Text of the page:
Angry eunuchs in the southern Indian state of Tamil Nadu are protesting against a state-run insurance company which they allege has refused to issue an insurance policy to a eunuch.
By Geeta Pandey
BBC correspondent in Delhi
A spokesman for the firm, the Life Insurance Corporation, has denied the allegation.
Indian eunuchs usually live on the margins of society
The eunuch, Janaki, says she was surprised when the company turned down her request for insurance cover.
She alleges that her request was rejected because of the ambiguity about her gender.
Janaki makes a meagre living by predicting people's future in a village near the town of Vellore in Tamil Nadu. She is deeply angry at the moment.
She argues that the insurance firm's policies cover damage and loss to sheep, cows, crops and even buildings.
She wants to know that if she is eligible to vote, and have a ration card, why can't she get insurance cover?
A spokesman for the Life Insurance Corporation at their headquarters in Bombay (Mumbai) has denied that eunuchs will not be sold insurance.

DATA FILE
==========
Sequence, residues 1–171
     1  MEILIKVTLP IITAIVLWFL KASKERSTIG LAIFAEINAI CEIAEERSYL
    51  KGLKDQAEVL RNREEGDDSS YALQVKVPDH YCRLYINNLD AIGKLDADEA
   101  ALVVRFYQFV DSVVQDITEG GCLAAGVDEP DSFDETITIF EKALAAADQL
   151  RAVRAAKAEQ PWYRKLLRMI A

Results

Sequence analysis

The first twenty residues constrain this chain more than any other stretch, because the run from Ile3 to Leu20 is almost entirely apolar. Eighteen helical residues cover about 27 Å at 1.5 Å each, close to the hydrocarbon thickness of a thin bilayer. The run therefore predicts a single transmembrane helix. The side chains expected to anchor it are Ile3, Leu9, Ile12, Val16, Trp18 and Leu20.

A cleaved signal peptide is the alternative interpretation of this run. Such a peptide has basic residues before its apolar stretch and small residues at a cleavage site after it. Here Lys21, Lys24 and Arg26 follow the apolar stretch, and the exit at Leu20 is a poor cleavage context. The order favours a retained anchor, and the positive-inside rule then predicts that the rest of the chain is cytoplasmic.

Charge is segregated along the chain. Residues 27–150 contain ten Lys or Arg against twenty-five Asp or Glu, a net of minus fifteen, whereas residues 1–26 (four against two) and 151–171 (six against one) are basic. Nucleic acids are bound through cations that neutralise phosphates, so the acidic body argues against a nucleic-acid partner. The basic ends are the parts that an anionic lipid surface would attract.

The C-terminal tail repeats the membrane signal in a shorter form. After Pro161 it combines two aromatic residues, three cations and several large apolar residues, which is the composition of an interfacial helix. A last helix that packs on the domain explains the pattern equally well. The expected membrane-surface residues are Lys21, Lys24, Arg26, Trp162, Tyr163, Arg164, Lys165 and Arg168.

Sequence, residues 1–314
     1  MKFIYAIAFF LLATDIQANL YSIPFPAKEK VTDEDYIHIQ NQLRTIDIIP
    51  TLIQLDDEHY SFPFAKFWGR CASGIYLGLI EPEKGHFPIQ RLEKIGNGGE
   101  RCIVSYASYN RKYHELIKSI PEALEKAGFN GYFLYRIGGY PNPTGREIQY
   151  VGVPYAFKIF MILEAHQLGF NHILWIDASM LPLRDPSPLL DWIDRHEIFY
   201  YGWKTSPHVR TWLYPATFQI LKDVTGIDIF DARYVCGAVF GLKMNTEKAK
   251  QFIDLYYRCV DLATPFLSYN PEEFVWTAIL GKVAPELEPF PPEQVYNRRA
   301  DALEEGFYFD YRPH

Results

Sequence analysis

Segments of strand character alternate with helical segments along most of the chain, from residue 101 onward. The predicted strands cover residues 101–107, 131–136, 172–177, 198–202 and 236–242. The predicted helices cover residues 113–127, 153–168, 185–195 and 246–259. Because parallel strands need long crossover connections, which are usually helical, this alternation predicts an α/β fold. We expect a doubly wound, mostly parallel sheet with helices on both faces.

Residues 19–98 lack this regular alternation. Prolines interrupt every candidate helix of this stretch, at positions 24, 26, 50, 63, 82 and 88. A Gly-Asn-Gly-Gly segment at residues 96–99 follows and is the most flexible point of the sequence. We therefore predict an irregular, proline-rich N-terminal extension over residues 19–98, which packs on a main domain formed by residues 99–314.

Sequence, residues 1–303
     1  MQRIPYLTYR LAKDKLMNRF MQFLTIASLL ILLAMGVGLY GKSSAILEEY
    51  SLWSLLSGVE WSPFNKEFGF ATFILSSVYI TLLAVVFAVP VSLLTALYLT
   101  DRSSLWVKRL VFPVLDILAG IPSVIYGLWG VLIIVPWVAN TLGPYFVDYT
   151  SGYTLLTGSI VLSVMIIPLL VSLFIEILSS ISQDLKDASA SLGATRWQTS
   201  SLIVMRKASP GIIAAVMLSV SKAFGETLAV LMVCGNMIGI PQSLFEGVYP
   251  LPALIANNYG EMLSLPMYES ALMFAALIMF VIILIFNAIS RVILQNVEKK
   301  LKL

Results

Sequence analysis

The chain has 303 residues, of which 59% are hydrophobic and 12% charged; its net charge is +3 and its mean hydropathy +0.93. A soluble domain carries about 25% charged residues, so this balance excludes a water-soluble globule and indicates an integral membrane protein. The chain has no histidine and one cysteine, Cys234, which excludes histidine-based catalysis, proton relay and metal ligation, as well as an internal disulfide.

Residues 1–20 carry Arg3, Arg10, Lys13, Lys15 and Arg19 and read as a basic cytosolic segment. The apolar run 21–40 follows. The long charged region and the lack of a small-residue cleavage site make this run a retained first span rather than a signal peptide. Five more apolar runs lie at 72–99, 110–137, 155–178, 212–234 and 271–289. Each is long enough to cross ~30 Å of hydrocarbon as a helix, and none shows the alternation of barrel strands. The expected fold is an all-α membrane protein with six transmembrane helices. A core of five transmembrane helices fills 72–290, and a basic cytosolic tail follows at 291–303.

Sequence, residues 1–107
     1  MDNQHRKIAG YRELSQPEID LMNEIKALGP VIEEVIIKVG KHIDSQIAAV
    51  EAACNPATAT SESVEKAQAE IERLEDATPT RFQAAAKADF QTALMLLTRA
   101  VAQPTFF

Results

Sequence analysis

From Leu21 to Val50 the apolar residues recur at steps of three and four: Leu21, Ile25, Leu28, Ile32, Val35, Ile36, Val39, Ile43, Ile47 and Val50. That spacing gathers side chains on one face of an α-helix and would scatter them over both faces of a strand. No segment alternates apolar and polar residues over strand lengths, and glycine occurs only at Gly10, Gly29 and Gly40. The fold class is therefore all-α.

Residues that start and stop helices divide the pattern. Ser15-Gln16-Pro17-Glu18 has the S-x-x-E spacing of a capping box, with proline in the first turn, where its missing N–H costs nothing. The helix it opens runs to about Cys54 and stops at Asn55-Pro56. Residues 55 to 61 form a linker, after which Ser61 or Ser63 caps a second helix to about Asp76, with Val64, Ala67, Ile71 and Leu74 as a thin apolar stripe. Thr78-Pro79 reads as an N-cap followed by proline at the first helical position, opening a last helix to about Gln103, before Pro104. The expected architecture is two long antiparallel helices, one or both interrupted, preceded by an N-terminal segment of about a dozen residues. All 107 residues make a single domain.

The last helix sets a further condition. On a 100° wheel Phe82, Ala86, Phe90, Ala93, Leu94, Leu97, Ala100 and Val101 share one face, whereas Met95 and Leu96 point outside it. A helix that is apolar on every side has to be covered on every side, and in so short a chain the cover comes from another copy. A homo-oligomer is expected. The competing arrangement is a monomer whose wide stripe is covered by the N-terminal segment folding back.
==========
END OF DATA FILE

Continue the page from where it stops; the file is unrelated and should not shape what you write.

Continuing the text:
But a senior official who requested anonymity told the BBC that, according to the company rules, only men or women can apply for insurance.
He said that, going strictly by the rules, applications from eunuchs are normally rejected.
Janaki says if the matter is not sorted out within three months, she will go to court.
Living on the margins
There are estimated to be about 500,000 eunuchs, hermaphrodites and transvestites in India.
It is traditionally believed that their presence protects against evil, and many earn a living by collecting cash gifts from people during marriages and births.
But now with the decline in their traditional roles, most eunuchs are forced to work as commercial sex workers.
In recent times, there have been some positive tales too - some eunuchs have contested elections and entered the public arena.
But these success stories are rare, and it will still be a long time before the eunuchs can expect some sort of social acceptance.